IKEA Founder Ingvar Kamprad’s Success Story

Ad Blocker Detected

Our website is made possible by displaying online advertisements to our visitors. Please consider supporting us by disabling your ad blocker.

Ingvar Kamprad, the founder of IKEA, was born on March 30, 1926, in the small Swedish district of Smalandia. Many economists believe Ingvar inherited his entrepreneurial skills. However, in 1897, Ingvar’s grandfather’s firm was on the verge of bankruptcy, the owner could not pay off his debts, and committed suicide. However, Kaprada’s grandma was able to salvage her husband’s firm. Ingvar learned from her that willpower and hard effort can conquer adversity.

During his student years, Ingvar Kamprad began to create his own business. He bought a large number of pencils and matches and then sold them to his classmates at a much higher price. Ingvar put the money away to build his business, while his comrades spent it on other forms of recreation. The prospective businessman steals money from his father at the age of 15, ostensibly for school. He, on the other hand, adds them to his amassed earnings and starts his own business selling various little items.

IKEA was founded in 1943. He came up with the abbreviation. IK stands for his initials, E (Elmtaryd) for the family company, and A (Agunnaryd) for the nearby village. From stationery to cheap stockings, the store sold it all. Ingvar designed a company catalog and began taking orders via mail. But the most intriguing aspect is that he solved his delivery difficulty by simply agreeing with the milkman who supplied milk on a daily basis. To entice people to his presentation, he offered a complimentary muffin with coffee to anybody who showed up. Ingvar, on the other hand, did not anticipate that this action would draw in over a thousand individuals. This episode was recalled by the businessman, and in the future, each IKEA store would have its own restaurant.

Ingvar purchased a modest furniture factory in 1951 and began producing furniture. After that, he publishes his first furniture catalog. The first IKEA store debuted in Elmkult, Sweden, in 1953, and a 67 sq. m. the store opened in 1958. IKEA’s corporate color is now yellow-blue, however, it was originally a red-white tone. Only Ingvar, as a patriot of his nation, will choose yellow-blue as the corporate color.

But not everything about IKEA’s development went well. Due to the low pricing of IKEA furniture, local furniture oligarchs launched a boycott of Kamprad with the development of the furniture industry. National producers were no longer supplying products to Ingvar. The proprietor of IKEA then makes an uncommon business measure for the period. Kamprad buys low-cost components for furniture assembly from Polish vendors and places orders for goods in lower-cost countries. This concept was crucial to Ingvar’s business’s success.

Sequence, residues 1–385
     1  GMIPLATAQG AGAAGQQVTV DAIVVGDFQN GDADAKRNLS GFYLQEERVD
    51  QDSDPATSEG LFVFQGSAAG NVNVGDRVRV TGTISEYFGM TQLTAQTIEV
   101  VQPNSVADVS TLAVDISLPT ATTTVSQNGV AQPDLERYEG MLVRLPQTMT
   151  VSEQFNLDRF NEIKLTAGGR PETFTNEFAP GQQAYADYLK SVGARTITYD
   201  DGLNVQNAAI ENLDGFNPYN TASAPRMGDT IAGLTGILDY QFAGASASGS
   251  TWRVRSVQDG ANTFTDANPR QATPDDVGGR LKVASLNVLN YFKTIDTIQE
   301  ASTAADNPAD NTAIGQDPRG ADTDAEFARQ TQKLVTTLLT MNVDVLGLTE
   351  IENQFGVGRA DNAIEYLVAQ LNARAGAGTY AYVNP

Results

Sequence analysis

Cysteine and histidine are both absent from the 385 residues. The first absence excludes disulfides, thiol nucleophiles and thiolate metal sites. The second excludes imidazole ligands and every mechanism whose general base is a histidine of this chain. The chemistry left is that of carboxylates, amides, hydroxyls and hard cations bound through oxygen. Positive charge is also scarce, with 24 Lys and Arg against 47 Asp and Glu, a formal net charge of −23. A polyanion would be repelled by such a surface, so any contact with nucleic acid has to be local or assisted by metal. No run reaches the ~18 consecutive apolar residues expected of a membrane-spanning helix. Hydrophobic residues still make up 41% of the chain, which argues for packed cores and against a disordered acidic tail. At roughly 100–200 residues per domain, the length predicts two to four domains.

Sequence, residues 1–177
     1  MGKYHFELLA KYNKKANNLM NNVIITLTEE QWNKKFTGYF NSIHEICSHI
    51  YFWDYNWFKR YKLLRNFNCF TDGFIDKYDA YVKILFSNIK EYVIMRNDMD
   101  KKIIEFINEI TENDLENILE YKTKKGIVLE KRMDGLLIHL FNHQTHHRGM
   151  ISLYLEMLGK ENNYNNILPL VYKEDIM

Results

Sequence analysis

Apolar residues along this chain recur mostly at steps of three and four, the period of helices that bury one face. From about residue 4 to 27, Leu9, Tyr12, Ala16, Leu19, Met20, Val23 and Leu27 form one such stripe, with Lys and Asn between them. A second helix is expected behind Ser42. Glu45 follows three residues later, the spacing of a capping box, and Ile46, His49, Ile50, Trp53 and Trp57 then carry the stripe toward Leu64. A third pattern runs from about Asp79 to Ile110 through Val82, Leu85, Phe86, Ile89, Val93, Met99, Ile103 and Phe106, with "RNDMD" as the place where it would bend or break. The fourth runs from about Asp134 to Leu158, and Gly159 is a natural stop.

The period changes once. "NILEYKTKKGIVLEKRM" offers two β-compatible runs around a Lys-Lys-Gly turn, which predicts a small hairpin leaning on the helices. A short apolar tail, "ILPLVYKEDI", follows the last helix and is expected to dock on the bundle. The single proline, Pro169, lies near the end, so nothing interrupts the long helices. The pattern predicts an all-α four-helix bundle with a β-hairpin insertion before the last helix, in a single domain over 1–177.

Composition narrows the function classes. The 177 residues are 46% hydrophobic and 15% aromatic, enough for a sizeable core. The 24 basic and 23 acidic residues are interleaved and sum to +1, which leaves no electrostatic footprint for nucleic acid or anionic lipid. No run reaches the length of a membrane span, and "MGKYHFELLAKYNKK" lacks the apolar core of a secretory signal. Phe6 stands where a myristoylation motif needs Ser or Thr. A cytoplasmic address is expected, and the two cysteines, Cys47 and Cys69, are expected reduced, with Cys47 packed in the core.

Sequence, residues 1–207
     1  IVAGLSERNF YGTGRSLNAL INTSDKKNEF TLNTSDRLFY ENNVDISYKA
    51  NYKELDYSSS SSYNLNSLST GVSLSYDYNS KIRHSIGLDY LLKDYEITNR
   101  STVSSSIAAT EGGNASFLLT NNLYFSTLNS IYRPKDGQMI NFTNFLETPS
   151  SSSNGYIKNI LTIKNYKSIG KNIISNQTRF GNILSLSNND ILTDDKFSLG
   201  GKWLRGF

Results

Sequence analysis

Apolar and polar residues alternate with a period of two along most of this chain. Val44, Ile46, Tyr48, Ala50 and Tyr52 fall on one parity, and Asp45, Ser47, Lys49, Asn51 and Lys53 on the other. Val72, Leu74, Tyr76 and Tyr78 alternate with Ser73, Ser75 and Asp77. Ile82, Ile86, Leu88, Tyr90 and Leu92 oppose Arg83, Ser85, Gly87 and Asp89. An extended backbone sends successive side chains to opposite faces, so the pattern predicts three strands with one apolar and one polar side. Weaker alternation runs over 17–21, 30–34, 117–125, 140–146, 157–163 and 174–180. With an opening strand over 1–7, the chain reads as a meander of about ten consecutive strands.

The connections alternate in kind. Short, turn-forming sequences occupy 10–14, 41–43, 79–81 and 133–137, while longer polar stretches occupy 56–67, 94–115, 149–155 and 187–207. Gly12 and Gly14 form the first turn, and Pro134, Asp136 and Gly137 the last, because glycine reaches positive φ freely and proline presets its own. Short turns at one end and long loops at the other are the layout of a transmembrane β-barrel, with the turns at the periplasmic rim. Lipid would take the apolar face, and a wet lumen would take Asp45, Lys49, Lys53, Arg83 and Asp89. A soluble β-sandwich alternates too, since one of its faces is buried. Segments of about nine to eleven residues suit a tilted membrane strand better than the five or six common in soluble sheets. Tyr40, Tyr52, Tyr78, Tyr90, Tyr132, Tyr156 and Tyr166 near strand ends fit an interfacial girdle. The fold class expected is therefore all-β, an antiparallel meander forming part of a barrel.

Kamprad’s concept was to produce a practical, inexpensive, and convenient assortment of domestic goods, which is today known as the “Swedish style.” IKEA’s products were meant to be used in people’s homes. They were affordable to anyone.

Ingvar had dyslexia, which had a negative impact on his business. As a result of his inability to recall the numbered articles, the names of many goods surfaced. Kamprad was a frugal man who never lived in luxury or comfort and expected his subordinates to do the same. On business visits, he stayed at three-star hotels, ate at low-cost cafes, and shopped at discount stores. The most memorable vacation was a bike ride through Sweden.

Ingvar instilled in his sons the aptitude to value money. For example, when the younger Matthias uprooted trees on his parents’ land during the holidays as a student, his father paid him far less than hired employees. Matthias went to work for his father’s company on a general basis after graduation; his salary was pitiful, hardly enough to eat cheaply.

Close friends and associates describe Ingvar as a brilliant marketer who never makes a mistake. In fact, the world’s top economists are studying Caprad’s business strategy. Despite the fact that Ingvar never went to school. His school teachers were unable to teach him how to write and read. His only professional education is a 1945 diploma from Gothenburg’s Higher Commercial School. Ingvar’s lack of a certificate did not deter him; instead, he was replaced by zeal.

Kamprad, like any other human, has flaws. In his childhood, he had a fascination for Nazi ideals, which he later realized were false. Ingvar, who is 76 years old, has a habit of binge drinking. All of this, however, does not prevent Kamprad from maintaining control of his retail empire, which includes 180 locations in more than 30 countries. Ingvar Kamprad formally resigned a few years ago, handing over the company to his sons.

Kamprad is very fond of the comparisons he receives to Henry Ford. He feels that, like Ford, once-luxury goods have been made available to the general populace. Now Ingvar Kamprad is one of the richest people in the world.